Posted in disability civil rights, Disability etiquette, Politically correct, Public Perceptions of Disability

Sometimes “political correctness” just means seeing people for who they are.

The term, “politically correct” has taken quite a beating in recent years.

The phrase can mean a lot of things, but these days it seems to be used in an insulting manner  – poking fun at people who are trying to be attentive to diversity in our society.

Granted, there are situations where “political correctness” is overdone. (Examples might be describing a janitor as a “sanitation engineer” or  a bald person as “folically challenged.”) But for every situation where the wording seems a bit overstrained, there are several where in fact, an individual is consistently defined not by who they are, but by what they have. (Examples here would be calling someone in a wheelchair “a cripple” or labeling someone with mental illness “a psycho.”}

Words matter, and the attached article does an excellent job of providing alternatives to some of the labels traditionaly used to describe people with disabilities. If there is a common theme, it is the recommendation to use “people first” language, where the fact that someone has a disability is not the first thing you learn about her. Because quite often, it ends up being the only thing that is remembered.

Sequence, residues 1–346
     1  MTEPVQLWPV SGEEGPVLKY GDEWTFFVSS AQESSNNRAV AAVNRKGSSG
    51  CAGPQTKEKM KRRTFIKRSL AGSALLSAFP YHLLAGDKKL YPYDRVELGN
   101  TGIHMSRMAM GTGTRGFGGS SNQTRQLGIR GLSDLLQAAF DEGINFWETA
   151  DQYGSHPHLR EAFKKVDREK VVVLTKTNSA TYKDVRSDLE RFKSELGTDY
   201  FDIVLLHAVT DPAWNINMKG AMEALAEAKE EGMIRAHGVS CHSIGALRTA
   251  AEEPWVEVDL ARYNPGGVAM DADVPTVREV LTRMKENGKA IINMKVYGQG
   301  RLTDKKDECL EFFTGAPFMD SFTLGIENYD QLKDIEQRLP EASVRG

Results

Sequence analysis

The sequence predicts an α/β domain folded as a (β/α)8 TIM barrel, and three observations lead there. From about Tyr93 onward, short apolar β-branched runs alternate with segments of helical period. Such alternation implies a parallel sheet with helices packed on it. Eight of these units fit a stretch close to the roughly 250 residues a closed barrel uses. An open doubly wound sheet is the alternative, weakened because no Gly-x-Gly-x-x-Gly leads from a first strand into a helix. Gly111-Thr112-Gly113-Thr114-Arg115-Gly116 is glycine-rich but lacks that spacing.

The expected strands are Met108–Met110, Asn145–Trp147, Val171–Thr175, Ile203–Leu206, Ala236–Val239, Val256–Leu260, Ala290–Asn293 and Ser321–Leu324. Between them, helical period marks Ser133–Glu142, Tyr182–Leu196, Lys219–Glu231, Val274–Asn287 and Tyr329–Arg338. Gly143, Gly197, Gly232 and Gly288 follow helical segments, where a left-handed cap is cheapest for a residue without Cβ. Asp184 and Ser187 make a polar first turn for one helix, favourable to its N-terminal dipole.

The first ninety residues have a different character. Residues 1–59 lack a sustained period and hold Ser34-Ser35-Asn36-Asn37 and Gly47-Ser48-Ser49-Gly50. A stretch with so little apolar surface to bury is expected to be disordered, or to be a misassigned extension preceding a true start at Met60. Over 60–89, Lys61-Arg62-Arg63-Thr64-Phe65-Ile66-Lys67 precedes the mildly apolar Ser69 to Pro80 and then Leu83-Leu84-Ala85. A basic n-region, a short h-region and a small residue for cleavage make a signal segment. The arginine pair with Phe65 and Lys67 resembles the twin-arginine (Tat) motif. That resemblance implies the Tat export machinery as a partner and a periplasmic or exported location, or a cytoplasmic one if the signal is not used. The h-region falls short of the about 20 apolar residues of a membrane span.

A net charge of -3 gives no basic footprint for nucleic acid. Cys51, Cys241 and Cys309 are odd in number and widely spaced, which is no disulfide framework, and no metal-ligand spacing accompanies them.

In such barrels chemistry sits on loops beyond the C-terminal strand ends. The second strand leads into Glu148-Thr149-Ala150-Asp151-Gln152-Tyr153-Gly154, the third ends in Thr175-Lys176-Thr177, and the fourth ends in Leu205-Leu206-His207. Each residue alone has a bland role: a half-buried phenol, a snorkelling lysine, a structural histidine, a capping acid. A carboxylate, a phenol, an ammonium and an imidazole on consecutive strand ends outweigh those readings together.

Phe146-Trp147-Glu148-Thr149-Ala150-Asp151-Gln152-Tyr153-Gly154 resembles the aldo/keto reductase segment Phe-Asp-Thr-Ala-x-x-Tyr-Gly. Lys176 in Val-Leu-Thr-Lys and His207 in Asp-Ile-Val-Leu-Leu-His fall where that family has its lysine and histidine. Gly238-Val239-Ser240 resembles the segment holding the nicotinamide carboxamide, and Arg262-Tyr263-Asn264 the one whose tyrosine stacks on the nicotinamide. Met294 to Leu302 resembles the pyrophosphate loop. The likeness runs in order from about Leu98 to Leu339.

Posted in Accesibility for People with disabilities, Americans with disabilities reform act, disability civil rights

A Potentially Huge Setback for the Americans with Disabilities Act


Let’s say that you keep some valuable jewelry  in a public storage facility, and you need to retrieve it for your niece’s upcoming wedding. The facility has only one entrance and you need to use stairs to get inside. But when you get there, you see that some of the stairs have rotted through and it’s not safe to use them. You’ve called the manager and left voice-mail messages, but she has not returned your calls.

An obvious option is to file a lawsuit against the owner. After all, the wedding is fast approaching and the owner is not fulfilling her obligations to you.

But let’s say you then discover that a new law has just been passed, requiring that before you file a lawsuit, you first have to notify the owner (in writing) that there is a defect in her stairway.  You must also identify how the owner has violated the law, and then give her six months to work on the problem.

I deliberately said, “work on” instead of “fix” because this imaginary new law also says that you can only demand that the owner make “substantial progress” in fixing the stairs – not that she has to have actually fixed them.

What kind of an insane law would that be? You would be up in arms and so would everyone else who stores property in that facility. How dare Congress put these kinds of restrictions on your right to sue when you believe you have been wronged?

Yet there is a bill, currently making its way through Congress, that would require substantially the same thing for people with disabilities.  It is House Bill, 620, the “Americans with Disabilities Reform Act of 2017.”